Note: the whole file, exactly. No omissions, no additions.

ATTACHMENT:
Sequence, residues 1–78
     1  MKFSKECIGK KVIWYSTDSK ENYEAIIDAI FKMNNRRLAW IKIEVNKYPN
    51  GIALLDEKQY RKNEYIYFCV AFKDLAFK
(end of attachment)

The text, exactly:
Sequence, residues 1–78
     1  MKFSKECIGK KVIWYSTDSK ENYEAIIDAI FKMNNRRLAW IKIEVNKYPN
    51  GIALLDEKQY RKNEYIYFCV AFKDLAFK